In our recent book Reforming Malta’s Media System (Midsea Books), we made the case for a radical reform of the broadcasting set-up. There should be one regulator, boards should represent different sectors of society not political parties; PBS should not be owned by the government. We also made concrete proposals about the future of political parties in broadcasting. On all this some other time.
In the light of the recent constitutional court’s judgment, we ask the following questions. Should impartiality in respect of matters of political or industrial controversy or relating to current public policy be imposed on all broadcasters? Or is this best suited for the public broadcaster alone? How do we ensure that broadcasters, especially those owned by political parties, do journalism rather than propaganda?
The 1964 constitution justly demanded balanced and impartial coverage of controversies and public policy in a context where there was no external pluralism, since broadcasting was monopolised by Rediffusion.
The media environment is today radically different from that prevailing in the 1960s. According to a MISCO (2022) survey, every day: 95 per cent of the Maltese browse the internet; 85 per cent access online social networks; 72 per cent read a news website while 69 per cent watch TV and 50 per cent listen to the radio. Newspapers are read by only eight per cent.
Web-based news media which are more popular than broadcasting as well as the print media are not bound by impartiality. It would send press freedom and democracy to the grave had the constitution to generally oblige all these media to provide balanced and impartial coverage of political controversy and public policy.
PBS is the public service media and consequently it remains important for it to be constitutionally bound to provide balanced and impartial coverage of controversies and current public policy. Since other broadcasters are not public service media, it becomes questionable as to why they too need to be constitutionally bound to do so.
However, they should not be exonerated from adhering to the basic rules of responsible journalism. The Broadcasting Act, in fact, states that “all news given in the programmes (in whatever form) is presented with due accuracy”.
PBS should be bound by due impartiality and the rules of responsible journalism but demanding that other broadcasters adhere to due impartiality, consequently imposing internal pluralism, would in the case of private owned broadcasters impose upon them a style of journalism which is not up to the state to choose.
The war in the Balkans, for example, pushed Martin Bell away from the BBC style of impartial and balanced journalism towards a journalism of attachment understood as “journalism that cares as well as knows; … that will not stand neutrally between good and evil, right or wrong, the victim and the aggressor”.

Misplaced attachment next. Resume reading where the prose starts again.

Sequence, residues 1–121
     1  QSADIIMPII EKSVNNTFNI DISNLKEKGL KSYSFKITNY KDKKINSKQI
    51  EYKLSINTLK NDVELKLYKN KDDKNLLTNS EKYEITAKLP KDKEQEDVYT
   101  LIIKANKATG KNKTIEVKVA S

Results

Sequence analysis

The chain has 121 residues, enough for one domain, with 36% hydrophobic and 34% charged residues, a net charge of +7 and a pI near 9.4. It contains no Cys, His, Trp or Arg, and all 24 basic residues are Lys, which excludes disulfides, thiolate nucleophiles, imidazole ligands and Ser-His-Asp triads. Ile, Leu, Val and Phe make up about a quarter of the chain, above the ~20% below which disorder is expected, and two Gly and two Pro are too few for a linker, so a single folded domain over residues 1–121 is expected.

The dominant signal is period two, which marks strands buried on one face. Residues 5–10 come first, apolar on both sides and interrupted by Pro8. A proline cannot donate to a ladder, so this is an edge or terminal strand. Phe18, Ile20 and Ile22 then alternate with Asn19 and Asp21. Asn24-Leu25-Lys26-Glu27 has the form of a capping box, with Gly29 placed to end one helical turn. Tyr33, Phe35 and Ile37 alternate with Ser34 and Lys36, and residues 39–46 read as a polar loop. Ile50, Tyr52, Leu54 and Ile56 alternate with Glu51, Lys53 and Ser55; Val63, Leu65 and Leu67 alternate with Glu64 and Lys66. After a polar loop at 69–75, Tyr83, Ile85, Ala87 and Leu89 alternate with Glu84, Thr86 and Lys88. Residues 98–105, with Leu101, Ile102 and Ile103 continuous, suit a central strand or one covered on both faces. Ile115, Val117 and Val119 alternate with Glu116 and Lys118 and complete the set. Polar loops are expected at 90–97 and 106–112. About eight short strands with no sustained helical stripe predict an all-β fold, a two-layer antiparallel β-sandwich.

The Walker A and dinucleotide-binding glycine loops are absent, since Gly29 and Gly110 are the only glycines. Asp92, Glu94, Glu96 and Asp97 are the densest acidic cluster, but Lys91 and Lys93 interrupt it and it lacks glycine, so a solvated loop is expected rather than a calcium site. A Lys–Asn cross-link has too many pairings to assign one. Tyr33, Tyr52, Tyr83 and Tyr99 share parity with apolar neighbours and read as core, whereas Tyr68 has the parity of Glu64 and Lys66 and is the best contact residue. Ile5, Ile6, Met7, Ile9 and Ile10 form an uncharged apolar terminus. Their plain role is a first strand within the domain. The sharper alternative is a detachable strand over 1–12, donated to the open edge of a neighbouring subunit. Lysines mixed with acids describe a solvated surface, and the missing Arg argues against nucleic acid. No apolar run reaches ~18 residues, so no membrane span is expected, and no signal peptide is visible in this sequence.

What has disintegrated within political party owned media is their adherence to the tenets of responsible journalism
The famous CNN journalist Christiane Amanpour, during a 2016 lecture said that the media, in its coverage of Trump, got itself into knots trying to differentiate between balance, objectivity, neutrality and crucially, truth. “I believe in being truthful, not neutral. And I believe we must stop banalising the truth.”
Literature speaks of advocacy journalism, wherein journalists “believe that good journalism is accomplished by taking a stand and, in that light, they declare their bias in an open and transparent fashion”. This type of journalism has been a staple in Mediterranean countries, including Malta. It is practised by opinion-oriented organisations such as political parties, the Church and trade unions, which use the media to communicate their particular point of view.
Lately, commercially owned media, which also have a point of view to make and, thus, generally allow limited internal pluralism, have developed a kind of advocacy journalism pushing for civic activism. This advocacy is different from the unbridled propaganda of political media.
During the divorce and hunting referenda, journalists were openly advocating for one side against the other. In the dying months of 2020, several news organisations joined civil society’s call for the resignation of Joseph Muscat.
What has over the years disintegrated within political party owned media is their adherence to the tenets of responsible journalism. In fact, often enough during news programmes they have chosen blatant propaganda over responsible advocacy journalism, which is still accurate, truthful and fair.
To meet society’s today’s needs, PBS must remain bound by both a constitutional obligation for due impartiality as well as responsible journalism. This may be largely imposed by law and implemented by a Broadcasting Authority aware and willing to perform its function efficiently.
Meanwhile, political party-owned media should be expected to meet the demands of responsible journalism while choosing advocacy journalism. This requires much more than laws. It requires that political maturity which is capable of distinguishing between journalism and propaganda and which is willing to change from making gains purely through polarised politics.
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